The growth of telemedicine has been spectacular. Kaiser Permanente, the largest care organization in the US, has about 52% of their more than 100 million patient encounters as virtual visits. A retrospective analysis involving 19,246 consultations showed not only savings in cost and travel but also that telemedicine is “green” for the environment with a measured 1969 metric tons of carbon dioxide saved. Of course, an additional advantage is that the patient is able to avoid long wait times. There is even a telemedicine advocacy group called the American Telemedicine Association founded in 1993 with over 10,000 members. Multiple “techy” health conferences are available to attend

Telemedicine typically is used via three modalities including 1. real-time (or live video), 2. asynchronous (store and forward), and 3. remote patient monitoring. Real-time telemedicine is an online-based audio-video consult. However, technology has developed to move this modality forward. Need to remotely auscultate the heart? A patient can hold a device like the Alivecor KardiaMobile EKG monitor or the iPhone-sized Eko Duo over their chest and it will record heart sounds and an EKG tracing. The sounds and tracing are uploaded to the EMR and transmitted to the remote physician for review. What if medical care is needed in an area difficult to travel to? Unmanned drones have been used to deliver medical supplies and interface equipment for a physician to treat these distant patients. This is already being done in the rural USA.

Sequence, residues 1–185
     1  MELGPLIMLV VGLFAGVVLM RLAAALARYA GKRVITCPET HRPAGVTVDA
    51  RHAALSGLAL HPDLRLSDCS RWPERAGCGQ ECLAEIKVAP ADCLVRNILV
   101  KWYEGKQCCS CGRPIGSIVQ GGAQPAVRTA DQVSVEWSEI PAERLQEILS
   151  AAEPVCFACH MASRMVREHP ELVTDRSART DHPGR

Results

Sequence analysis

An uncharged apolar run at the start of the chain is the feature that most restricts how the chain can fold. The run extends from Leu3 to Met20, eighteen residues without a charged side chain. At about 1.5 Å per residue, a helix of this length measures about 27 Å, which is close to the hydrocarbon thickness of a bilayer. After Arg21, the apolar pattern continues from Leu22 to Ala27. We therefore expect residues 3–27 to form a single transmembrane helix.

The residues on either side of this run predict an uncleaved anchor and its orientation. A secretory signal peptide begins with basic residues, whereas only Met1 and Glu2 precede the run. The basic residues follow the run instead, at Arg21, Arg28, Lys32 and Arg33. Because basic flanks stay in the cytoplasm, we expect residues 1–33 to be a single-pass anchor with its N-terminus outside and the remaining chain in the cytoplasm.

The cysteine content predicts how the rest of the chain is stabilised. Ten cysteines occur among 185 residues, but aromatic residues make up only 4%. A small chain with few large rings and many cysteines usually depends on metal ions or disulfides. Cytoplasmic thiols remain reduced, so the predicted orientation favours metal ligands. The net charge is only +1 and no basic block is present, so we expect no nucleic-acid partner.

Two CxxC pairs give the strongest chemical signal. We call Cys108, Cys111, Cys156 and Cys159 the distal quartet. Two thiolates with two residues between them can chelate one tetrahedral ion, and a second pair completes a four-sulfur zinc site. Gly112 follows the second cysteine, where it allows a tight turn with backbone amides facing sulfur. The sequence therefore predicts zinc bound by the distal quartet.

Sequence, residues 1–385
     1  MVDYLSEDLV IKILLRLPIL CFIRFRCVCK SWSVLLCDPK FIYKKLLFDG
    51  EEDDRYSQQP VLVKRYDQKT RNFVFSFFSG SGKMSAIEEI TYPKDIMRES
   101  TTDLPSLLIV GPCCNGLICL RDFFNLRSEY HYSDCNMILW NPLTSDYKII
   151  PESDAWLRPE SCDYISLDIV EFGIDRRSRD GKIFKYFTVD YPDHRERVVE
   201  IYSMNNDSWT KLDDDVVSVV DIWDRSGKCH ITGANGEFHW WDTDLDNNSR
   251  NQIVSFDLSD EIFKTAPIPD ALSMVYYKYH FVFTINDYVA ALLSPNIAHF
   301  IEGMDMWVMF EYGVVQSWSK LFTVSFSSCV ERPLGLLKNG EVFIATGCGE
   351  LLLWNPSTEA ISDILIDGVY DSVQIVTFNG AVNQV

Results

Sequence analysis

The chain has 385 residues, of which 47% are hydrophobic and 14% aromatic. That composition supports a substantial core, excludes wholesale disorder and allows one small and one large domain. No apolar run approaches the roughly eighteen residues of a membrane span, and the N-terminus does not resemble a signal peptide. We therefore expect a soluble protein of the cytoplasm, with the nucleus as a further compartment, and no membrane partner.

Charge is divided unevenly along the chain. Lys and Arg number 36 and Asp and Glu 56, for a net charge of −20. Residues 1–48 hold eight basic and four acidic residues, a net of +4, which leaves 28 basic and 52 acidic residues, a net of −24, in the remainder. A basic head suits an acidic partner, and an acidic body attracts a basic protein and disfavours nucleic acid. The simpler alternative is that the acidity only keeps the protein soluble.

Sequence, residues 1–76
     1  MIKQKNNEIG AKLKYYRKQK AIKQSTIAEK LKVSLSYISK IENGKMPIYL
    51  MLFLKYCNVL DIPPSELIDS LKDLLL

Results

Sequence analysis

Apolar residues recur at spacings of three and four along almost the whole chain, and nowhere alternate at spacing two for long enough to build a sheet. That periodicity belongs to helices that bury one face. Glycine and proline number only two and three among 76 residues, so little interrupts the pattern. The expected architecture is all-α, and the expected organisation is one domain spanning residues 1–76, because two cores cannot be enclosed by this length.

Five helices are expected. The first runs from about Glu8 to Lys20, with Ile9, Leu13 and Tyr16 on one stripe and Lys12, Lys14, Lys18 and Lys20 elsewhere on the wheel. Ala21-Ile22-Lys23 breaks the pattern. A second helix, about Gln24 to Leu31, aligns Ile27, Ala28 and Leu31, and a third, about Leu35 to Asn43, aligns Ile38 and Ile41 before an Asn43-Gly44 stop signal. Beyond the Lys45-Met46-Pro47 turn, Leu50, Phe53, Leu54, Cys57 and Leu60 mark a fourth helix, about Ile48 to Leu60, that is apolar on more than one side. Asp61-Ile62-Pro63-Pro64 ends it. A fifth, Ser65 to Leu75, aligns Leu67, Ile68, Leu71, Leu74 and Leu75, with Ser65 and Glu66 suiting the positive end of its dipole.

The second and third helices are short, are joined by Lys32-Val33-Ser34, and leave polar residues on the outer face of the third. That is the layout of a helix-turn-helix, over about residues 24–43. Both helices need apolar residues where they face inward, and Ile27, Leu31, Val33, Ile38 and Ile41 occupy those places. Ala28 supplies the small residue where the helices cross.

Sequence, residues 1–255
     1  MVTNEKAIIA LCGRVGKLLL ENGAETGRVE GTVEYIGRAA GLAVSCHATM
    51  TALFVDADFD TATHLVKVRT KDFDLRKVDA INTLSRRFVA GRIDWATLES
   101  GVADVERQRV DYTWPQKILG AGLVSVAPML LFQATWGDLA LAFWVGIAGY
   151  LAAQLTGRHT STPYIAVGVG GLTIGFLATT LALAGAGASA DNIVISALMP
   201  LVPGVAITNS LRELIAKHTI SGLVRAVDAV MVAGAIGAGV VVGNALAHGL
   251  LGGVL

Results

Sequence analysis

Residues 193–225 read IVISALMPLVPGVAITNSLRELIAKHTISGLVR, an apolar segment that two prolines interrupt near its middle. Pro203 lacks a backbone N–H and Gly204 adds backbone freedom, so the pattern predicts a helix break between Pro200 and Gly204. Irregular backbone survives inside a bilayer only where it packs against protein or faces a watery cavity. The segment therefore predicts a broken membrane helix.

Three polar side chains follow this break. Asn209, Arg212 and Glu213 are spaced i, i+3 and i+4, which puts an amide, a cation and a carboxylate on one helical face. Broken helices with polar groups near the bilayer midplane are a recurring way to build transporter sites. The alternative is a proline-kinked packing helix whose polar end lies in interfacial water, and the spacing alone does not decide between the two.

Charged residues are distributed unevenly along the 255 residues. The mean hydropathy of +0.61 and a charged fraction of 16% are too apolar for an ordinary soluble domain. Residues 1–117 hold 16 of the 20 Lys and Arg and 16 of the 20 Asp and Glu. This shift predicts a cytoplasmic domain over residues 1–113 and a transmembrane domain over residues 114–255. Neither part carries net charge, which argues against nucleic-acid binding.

A provider using asynchronous telemedicine receives information for analysis first prior to responding to the sender. The hope is for better evidence-based medical recommendations. The patient or the primary care provider also have the option to discuss the case with the specialist at a convenient time. This removes the difficulty of multiple appointments and schedule conflicts.

A hybrid of both real-time and asynchronous telemedicine is Project ECHO (Extension for Community Healthcare Outcomes). New Mexicans with hepatitis C were going untreated because there were no nearby specialists. Dr. Sanjeev Arora, a hepatologist in Albuquerque, saw an opportunity and created Project ECHO. Local clinicians would meet with specialist teams via virtual clinics and present patients and receive medical advice (real-time). This medical advice was then used to treat the local population (asynchronous). Project ECHO-trained clinicians had similar outcomes to that of university-based specialists. Project ECHO today has expanded over multiple specialties all over the world.